RE/MAX 440
John F. O'Hara

John F. O'Hara
731 W Skippack Pike  Blue Bell  PA 19422
Phone:  610-277-4060
Office:  215-643-3200
Cell:  267-481-1786
Fax:  267-354-6973

My Blog

Mixing Patterns: The Rule of Threes

September 3, 2014 2:30 am

Pattern and texture are essential to interior design. Whether on a fabulous set of nature-inspired pillows or a chunky knit throw blanket, the right mix of patterns and textures creates symmetry and visual interest. Incorporating pattern can be especially intimidating to homeowners who fear the end result will be a room full of mismatched pieces.

To prevent your space from pattern overload, stick to the rule of threes. Aside from balancing a room, combining patterns in threes lends a designer’s touch of sophistication.

1. Choose a dominant pattern. This is typically a large-scale print found on wallpapers, rugs, sofas or other big pieces of upholstered furniture.

2. Add a secondary pattern. Think about outfitting smaller surface areas, such as drapes and side chairs, with a pattern that color-coordinates with your dominant choice.

3. Use a third pattern sparingly. This pattern applies to accents, such as pillows, table linens, lamp shades, and ottomans that can be swapped out in a snap. Reserve on-trend patterns for these accessories.

Published with permission from RISMedia.


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More Than a Quarter of Americans Likely to Order Healthy When Dining Out

September 2, 2014 1:54 am

Most Americans would agree that eating healthfully should be a priority in their daily lives, but what truly drives consumers to choose healthy items over the potentially more enticing, yet unhealthy options? Are consumers still in the mindset that restaurant visits don't warrant healthy eating?

Recent research finds that more often than not, diners eat with their eyes, not their stomachs – 38 percent of adults agree that if a healthy menu item sounds tasty in the menu description, they are more likely to order it.

Moreover, some 27 percent of consumers say they like to order healthy meals with ingredients they are familiar with. "For consumers who are often on the fence for healthy or indulgent eating, familiarity can help ease them into healthier choices, rather than alienating them with superfoods they have not heard of or have a reputation for lackluster taste,” says Katrina Fajardo, food service analyst at Mintel Group.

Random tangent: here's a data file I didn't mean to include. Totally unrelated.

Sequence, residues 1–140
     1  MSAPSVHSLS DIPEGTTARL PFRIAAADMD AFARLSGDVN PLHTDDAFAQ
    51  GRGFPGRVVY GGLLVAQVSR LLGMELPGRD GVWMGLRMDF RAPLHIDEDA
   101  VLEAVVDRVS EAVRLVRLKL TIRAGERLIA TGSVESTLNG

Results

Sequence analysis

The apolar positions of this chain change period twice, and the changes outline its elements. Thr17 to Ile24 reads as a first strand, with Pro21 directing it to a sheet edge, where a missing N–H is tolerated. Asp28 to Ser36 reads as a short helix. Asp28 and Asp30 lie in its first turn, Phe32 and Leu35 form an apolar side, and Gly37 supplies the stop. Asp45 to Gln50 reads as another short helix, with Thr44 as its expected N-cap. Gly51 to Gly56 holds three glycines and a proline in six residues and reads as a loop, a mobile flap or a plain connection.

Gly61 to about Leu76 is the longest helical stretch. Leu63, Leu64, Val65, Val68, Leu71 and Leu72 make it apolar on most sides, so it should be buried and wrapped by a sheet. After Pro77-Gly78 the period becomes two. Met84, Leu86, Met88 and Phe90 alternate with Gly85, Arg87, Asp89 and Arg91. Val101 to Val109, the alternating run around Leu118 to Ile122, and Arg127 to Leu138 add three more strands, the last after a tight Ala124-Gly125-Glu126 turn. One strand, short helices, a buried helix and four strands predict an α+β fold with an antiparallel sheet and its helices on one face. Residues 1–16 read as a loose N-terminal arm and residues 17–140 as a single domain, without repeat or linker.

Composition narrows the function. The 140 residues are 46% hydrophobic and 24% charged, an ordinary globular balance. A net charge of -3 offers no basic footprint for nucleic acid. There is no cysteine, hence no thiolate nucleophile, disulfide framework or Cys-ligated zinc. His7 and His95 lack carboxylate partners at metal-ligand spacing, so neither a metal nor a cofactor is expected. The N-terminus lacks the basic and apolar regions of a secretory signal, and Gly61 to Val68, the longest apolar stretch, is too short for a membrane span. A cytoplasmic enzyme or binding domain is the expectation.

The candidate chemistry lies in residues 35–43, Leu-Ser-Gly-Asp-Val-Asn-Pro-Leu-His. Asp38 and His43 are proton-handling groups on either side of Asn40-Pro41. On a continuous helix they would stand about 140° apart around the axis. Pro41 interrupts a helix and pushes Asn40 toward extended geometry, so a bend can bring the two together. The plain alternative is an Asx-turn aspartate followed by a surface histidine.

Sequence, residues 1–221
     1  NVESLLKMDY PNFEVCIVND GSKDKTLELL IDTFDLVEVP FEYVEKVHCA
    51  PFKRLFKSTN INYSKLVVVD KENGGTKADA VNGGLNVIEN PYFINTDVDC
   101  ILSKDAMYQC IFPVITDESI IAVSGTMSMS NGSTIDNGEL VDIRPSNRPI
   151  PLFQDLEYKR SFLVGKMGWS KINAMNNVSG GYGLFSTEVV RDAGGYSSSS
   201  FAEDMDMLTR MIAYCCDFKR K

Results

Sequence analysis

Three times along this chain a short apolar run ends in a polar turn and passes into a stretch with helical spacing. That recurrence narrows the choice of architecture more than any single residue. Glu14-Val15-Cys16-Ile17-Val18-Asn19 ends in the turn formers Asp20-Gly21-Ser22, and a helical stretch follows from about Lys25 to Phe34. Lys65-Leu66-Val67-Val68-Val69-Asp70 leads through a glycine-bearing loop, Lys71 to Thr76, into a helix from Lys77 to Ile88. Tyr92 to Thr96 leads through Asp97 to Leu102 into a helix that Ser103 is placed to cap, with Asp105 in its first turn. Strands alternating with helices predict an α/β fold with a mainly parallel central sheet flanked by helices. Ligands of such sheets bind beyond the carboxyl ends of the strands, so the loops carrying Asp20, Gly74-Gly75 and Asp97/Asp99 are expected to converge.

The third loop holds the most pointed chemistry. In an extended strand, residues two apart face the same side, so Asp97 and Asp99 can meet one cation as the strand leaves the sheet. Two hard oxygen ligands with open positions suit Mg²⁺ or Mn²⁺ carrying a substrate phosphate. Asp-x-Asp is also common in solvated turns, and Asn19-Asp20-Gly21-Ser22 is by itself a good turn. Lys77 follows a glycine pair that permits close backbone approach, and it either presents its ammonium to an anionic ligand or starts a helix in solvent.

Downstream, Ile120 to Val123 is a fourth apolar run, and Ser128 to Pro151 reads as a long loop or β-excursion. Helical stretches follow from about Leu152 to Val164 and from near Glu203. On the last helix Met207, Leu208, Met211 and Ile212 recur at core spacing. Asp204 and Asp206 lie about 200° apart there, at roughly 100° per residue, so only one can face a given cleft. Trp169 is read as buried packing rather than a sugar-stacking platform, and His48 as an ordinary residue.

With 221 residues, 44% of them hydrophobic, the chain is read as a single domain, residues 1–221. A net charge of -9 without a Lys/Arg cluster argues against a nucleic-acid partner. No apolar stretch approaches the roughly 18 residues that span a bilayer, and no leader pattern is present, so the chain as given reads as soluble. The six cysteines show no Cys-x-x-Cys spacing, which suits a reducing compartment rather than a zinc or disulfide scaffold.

So how do Americans define healthy dining? Nine percent agree a menu item that includes a "gluten-free" mention denotes a healthy choice, and 39 percent think entrees with more fruits and vegetables come across as healthy. Meanwhile, 37 percent believe an item with a low calorie count is a healthy option, and 34 percent think a dish with less sodium is considered healthy.

"One of the possible reasons for consumers' indecisiveness on healthy foods in restaurants is the fact that food service still has the stigma of being unhealthy, regardless of what is ordered. As a result of the numerous exposés showing the real caloric counts in salads, sandwiches, and other menu items deemed as 'healthy,' consumers are conflicted with the idea that a restaurant could offer real, healthy items,” adds Fajardo. “In addition, the overwhelming amount of healthy-eating knowledge available to consumers can be overbearing, and skew the way they are personally defining health.”

Nearly one out of every four U.S. consumers is not interested in eating healthfully when they go out to eat, because they view away-from-home visits as a treat. Similarly, about a quarter of consumers mentioned that they look at the more healthy options, but opt for the unhealthy meals instead.

Source: Mintel Group

Published with permission from RISMedia.


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